My daughter phoned at 9.30am through tears - she told me Katelyn was in St John's Hospital on a life support machine. The doctor had arrived quickly, injected her and bundled her into his car and into the hospital - it was lucky my daughter lived so close to the hospital. Katelyn was to be police escorted to the Sick Kids Hospital when she was more stable. Our nightmare was just about to start.
I phoned my son, who lived in Edinburgh, asking him to meet his sister at the Sick Kids Hospital. None of us realised the extent of what we were up against. The nurses could not tell us anything other than Katelyn had meningococcal septicaemia. Katelyn spent eight days on a life support machine, all her blood was changed and all her organs were worked by machines. The nurses told us it is like a river - no-one knows where it will stop. Soon we became aware how this could end; after three days my daughter was asked if she wanted Katelyn baptised. The shock was now upon us all as a family; I managed somehow to stay calm and answer my daughter's anguished question, "what will I do, what does this mean?" I told her and Katelyn's dad to take a walk and think about it, saying that this will only give her added strength. They decided to have her baptised. The following day at 2pm Katelyn was baptised - the nurses laid a baptismal gown over her tiny body. With God on our side at 3pm amazingly Katelyn began to stabilise. By this point most of her body was black and the open wounds appeared, but the blackness miraculously stopped just at Katelyn's ankles and at the wrists. Each day she made small improvements as her organs began working on their own, her machines were gradually removed and on the eighth day she breathed on her own and was removed from intensive care. The nurse asked my daughter if she had a Christmas tree, to which my daughter said no, and the nurse said to go out and buy one as your daughter will be home for Christmas. There are no words to describe the joy felt.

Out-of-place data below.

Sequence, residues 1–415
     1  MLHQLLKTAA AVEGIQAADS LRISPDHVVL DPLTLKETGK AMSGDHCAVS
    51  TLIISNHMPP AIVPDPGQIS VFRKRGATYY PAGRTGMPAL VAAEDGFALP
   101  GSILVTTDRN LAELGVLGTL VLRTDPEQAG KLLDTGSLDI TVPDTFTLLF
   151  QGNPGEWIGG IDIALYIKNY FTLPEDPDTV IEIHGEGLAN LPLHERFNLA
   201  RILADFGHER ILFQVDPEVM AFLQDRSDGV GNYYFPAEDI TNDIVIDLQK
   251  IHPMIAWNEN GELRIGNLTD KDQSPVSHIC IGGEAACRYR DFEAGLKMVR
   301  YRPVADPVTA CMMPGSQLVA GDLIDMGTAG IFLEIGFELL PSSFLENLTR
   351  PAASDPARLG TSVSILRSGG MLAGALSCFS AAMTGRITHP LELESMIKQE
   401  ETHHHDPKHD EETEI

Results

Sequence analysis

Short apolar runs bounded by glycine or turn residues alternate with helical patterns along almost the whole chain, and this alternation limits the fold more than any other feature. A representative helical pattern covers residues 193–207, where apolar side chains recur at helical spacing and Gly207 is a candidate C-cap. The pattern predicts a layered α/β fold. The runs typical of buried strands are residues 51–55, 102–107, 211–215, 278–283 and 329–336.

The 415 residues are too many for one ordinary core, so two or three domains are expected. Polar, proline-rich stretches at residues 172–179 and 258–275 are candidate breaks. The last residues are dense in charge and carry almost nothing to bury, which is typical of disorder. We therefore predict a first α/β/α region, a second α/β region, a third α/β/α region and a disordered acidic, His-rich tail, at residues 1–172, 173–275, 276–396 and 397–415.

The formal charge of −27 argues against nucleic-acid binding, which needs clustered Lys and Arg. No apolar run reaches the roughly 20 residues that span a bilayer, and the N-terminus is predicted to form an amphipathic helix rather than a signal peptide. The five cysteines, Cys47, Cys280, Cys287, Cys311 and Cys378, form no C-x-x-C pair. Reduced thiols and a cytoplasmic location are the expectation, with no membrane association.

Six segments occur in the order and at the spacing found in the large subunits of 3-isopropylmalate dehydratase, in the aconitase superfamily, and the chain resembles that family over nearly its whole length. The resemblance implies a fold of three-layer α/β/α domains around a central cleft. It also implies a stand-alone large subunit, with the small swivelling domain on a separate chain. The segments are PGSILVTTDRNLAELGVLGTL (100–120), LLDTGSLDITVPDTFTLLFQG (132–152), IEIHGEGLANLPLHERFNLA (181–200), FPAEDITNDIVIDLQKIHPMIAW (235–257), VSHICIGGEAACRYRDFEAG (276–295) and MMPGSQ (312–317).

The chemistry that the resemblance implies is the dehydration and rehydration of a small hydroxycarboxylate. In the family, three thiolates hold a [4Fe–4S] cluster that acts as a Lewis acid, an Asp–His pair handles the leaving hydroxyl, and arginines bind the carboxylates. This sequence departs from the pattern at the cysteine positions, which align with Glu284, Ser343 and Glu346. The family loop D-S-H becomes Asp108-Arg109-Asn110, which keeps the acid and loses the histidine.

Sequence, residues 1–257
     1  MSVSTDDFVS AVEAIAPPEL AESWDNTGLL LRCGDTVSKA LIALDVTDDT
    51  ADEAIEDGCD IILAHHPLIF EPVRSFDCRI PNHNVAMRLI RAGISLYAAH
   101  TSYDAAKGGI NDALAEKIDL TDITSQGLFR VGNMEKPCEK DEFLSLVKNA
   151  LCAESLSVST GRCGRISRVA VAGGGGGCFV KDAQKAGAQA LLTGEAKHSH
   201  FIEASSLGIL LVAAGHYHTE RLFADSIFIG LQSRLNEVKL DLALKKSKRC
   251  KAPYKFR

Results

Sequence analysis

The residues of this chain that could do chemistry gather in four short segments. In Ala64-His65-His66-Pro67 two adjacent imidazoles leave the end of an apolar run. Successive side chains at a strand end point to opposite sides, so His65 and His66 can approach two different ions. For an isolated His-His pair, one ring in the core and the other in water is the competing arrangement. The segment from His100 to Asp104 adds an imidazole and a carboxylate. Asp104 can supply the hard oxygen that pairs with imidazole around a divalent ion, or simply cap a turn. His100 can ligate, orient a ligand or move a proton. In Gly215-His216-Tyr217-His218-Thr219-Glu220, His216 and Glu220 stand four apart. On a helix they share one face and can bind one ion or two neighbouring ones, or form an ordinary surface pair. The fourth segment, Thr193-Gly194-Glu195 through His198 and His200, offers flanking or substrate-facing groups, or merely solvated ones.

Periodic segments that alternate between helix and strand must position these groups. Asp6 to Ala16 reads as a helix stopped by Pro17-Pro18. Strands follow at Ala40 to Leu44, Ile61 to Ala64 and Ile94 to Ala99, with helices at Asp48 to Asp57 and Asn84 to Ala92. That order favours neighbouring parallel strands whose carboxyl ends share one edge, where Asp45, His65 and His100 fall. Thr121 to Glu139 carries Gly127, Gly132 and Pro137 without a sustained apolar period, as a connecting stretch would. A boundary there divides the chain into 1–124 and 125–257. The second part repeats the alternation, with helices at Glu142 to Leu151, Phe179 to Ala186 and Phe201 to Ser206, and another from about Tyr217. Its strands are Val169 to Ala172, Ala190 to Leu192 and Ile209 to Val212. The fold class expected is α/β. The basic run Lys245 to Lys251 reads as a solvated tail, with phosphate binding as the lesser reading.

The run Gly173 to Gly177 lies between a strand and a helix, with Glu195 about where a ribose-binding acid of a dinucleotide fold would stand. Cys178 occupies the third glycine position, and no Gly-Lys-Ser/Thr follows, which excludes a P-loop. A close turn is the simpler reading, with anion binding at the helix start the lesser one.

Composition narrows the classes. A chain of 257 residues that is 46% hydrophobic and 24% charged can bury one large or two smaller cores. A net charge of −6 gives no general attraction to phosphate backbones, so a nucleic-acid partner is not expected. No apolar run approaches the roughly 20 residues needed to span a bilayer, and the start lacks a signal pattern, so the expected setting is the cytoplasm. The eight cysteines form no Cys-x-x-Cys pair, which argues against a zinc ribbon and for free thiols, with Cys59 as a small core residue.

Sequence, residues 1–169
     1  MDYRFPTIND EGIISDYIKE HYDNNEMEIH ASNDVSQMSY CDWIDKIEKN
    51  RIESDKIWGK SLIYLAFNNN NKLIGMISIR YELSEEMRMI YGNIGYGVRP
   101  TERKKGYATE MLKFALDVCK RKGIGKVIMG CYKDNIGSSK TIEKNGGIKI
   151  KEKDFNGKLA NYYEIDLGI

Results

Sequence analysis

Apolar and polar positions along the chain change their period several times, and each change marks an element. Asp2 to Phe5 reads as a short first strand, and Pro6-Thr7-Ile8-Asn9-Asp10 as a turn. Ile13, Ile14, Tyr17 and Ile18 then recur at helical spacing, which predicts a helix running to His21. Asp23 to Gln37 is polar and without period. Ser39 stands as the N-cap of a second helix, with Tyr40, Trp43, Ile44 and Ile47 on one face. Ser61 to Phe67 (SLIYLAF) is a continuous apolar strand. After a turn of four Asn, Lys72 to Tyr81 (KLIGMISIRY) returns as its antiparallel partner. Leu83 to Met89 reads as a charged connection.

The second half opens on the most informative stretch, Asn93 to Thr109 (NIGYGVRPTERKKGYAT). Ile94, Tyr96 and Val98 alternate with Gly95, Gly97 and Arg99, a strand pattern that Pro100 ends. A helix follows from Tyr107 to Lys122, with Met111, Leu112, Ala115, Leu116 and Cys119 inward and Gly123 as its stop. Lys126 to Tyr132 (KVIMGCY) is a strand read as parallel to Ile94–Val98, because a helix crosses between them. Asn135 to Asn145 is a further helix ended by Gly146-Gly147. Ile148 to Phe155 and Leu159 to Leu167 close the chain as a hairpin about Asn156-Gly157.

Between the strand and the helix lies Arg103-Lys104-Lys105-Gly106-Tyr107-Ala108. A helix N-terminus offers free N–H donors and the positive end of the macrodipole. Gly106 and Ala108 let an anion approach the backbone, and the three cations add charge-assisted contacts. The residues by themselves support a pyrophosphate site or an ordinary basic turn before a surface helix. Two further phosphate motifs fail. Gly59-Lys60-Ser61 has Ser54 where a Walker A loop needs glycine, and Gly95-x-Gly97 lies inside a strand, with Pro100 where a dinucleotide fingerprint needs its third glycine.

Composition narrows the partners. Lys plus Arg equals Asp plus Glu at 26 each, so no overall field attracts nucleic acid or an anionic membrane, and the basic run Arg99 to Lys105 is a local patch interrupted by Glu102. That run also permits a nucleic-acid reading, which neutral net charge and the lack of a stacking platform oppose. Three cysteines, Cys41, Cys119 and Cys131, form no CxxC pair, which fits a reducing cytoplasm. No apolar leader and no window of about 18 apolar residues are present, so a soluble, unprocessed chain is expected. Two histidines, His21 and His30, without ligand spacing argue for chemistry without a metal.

Katelyn's recovery was remarkable: she had open wounds where the blood tried to boil through her body, these were dressed daily and when she returned home it was not long before her mum could do this for her. The doctors spoke about skin grafts, however to this day she needed none, the scars she has are a reminder to us. Katelyn is now nine and she has all her limbs and functions normally.